headerTintColor: '#ffffff',
            headerTitleStyle: {
              fontSize: 22,
            },
          }}
      >
        <ChatStack.Screen
            name="Home"
            component={HomeScreen}
            options={(options) => ({
              headerRight: () => (
                  <IconButton
                      icon="plus"
                      size={28}
                      color="#ffffff"
                      onPress={() => options.navigation.navigate('BrowseChannels')}
                  />
              ),
            })}
        />
        <ChatStack.Screen
            name="BrowseChannels"
            component={BrowseChannelsScreen}
            options={(options) => ({
              headerRight: () => (
                  <IconButton
                      icon="plus"
                      size={28}
                      color="#ffffff"
                      onPress={() => options.navigation.navigate('CreateChannel')}
                  />
              ),
            })}
        />
        <ChatStack.Screen
            name="Chat"
            component={ChatScreen}
            options={({ route }) => ({
              title: route.params.channel.name,
            })}
        />
      </ChatStack.Navigator>
  );
}

If you run the app now, go to the home screen, and send a message from another device as another user, you should see an in-app notification:

Screenshot: In-app notification

Nice. Now your users can stay informed on the latest events happening across your app screens.

Let's now handle what happens when your users have left your app.

Getting a user's expo push token

To send a push notification to a user using Expo, we'll need their expo push token. Once we get the expo push token, we can then store it as a ChatKitty user property, so we can access it later in a chat function or on a back-end.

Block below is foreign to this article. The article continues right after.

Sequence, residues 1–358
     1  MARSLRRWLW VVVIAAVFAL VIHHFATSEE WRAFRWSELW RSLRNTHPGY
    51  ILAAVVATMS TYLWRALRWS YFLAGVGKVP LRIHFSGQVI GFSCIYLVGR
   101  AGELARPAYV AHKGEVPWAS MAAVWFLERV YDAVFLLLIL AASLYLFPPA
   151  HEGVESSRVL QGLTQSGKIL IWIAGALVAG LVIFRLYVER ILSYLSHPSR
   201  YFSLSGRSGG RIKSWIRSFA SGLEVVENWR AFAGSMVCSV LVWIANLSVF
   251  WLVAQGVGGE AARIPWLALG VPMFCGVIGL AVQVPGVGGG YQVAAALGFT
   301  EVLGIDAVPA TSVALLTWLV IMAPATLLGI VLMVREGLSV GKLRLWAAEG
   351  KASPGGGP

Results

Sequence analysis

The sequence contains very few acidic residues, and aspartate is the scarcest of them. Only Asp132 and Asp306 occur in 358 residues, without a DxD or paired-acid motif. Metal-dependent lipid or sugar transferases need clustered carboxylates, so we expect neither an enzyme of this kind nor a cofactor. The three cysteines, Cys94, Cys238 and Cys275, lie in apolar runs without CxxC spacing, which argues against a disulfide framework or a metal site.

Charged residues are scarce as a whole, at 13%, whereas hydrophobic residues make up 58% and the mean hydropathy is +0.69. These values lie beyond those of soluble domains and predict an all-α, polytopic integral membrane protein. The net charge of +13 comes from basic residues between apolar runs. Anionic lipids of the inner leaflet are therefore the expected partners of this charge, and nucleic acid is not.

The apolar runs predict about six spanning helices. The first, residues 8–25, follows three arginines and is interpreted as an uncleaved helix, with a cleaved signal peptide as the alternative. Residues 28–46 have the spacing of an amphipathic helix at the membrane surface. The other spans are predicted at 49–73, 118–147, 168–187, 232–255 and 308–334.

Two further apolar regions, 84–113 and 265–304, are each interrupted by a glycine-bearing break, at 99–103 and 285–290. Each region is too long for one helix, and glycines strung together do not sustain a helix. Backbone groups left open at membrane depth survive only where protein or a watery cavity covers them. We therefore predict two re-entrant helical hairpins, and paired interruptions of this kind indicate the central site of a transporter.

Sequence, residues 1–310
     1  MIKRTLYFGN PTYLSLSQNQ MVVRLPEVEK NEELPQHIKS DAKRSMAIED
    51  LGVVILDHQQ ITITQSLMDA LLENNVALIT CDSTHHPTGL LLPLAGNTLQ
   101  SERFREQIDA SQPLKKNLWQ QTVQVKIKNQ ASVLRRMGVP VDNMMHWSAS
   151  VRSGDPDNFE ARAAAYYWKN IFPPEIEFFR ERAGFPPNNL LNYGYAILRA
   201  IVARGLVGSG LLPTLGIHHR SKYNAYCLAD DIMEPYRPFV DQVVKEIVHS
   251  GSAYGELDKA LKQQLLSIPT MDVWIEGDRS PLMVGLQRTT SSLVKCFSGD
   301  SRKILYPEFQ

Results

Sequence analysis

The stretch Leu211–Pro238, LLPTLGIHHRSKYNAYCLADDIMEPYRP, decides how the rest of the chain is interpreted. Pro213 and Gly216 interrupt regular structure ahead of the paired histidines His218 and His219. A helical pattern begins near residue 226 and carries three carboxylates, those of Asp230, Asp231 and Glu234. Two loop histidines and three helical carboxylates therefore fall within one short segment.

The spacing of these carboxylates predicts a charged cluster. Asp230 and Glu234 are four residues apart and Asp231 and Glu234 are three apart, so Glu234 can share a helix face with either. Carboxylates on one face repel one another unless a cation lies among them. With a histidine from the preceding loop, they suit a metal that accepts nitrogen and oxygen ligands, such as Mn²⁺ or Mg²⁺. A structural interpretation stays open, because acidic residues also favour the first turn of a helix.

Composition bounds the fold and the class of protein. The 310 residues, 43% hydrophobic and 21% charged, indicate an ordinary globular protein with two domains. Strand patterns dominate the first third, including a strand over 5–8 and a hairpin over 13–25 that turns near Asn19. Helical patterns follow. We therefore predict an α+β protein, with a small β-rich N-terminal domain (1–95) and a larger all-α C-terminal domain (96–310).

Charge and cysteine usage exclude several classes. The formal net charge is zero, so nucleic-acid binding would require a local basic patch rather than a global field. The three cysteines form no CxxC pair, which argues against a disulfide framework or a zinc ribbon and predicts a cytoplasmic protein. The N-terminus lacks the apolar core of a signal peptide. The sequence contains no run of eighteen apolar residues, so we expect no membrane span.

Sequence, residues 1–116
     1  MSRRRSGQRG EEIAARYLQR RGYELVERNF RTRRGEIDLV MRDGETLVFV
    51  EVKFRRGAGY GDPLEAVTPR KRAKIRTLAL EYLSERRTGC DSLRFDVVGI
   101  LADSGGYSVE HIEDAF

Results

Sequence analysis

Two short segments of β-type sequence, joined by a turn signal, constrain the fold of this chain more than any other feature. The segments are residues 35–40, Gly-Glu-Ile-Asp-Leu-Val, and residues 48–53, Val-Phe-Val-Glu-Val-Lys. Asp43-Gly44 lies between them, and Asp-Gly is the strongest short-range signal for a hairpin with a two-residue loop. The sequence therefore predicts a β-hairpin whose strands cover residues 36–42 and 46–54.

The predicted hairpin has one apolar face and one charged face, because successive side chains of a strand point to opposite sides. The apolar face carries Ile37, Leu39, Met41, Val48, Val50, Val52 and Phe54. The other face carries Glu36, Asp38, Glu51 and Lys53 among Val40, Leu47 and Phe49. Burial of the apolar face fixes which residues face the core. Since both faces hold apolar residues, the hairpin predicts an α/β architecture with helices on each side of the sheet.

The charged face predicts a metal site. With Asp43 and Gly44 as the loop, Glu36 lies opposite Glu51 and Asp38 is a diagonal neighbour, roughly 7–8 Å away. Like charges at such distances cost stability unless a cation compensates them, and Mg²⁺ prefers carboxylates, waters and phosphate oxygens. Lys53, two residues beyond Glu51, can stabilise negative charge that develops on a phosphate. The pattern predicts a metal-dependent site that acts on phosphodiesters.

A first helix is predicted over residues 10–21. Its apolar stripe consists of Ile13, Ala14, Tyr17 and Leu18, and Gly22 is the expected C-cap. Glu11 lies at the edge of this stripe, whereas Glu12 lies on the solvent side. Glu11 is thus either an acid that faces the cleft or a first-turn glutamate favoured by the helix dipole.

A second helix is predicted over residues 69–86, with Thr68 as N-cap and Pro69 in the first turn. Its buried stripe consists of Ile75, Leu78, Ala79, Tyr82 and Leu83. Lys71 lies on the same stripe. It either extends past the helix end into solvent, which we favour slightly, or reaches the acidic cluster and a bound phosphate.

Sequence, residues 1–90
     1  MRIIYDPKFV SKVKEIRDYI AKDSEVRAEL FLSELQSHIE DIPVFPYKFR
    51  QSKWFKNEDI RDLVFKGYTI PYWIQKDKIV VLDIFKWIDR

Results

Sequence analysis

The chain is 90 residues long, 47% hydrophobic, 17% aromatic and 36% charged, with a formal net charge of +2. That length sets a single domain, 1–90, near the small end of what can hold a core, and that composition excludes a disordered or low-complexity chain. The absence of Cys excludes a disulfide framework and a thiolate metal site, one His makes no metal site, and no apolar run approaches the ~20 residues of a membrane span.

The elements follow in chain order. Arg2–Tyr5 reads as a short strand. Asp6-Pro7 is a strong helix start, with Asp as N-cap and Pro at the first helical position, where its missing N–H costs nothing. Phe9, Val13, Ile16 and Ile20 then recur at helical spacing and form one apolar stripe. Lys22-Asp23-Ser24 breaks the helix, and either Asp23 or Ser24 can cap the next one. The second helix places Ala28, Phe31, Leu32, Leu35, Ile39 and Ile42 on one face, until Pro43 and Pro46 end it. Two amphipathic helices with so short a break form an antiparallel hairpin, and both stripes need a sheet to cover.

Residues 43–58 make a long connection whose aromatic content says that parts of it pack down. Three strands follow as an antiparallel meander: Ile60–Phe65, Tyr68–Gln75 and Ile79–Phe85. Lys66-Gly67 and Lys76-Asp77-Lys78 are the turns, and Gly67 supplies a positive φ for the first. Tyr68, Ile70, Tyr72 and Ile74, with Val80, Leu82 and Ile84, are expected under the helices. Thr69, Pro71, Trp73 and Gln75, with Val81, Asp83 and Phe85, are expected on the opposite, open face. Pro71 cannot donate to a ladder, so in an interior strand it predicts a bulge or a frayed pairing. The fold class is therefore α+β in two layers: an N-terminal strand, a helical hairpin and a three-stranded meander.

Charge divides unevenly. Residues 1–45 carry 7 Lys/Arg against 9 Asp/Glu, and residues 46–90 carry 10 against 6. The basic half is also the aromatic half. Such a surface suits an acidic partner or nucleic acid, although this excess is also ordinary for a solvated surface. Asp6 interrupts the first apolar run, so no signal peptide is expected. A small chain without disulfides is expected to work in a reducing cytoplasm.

Update the HomeStack.js file to register the user's device for push notifications and then store the user's expo push token as a user property.

The HomeStack.js file should contain:

import { withInAppNotification } from '@chatkitty/react-native-in-app-notification';
import { createStackNavigator } from '@react-navigation/stack';
import Constants from 'expo-constants';
import * as Notifications from 'expo-notifications';
import * as Permissions from 'expo-permissions';
import React, { useEffect } from 'react';
import { IconButton } from 'react-native-paper';

import { kitty } from '../chatkitty';
import BrowseChannelsScreen from '../screens/BrowseChannelsScreen';
import ChatScreen from '../screens/ChatScreen';
import CreateChannelScreen from '../screens/CreateChannelScreen';
import HomeScreen from '../screens/HomeScreen';

const ChatStack = createStackNavigator();
const ModalStack = createStackNavigator();

export default function HomeStack() {
  useEffect(() => {
    registerForPushNotificationsAsync().then((token) => {
      kitty.updateCurrentUser((user) => {
        user.properties = {
          ...user.properties,
          'expo-push-token': token,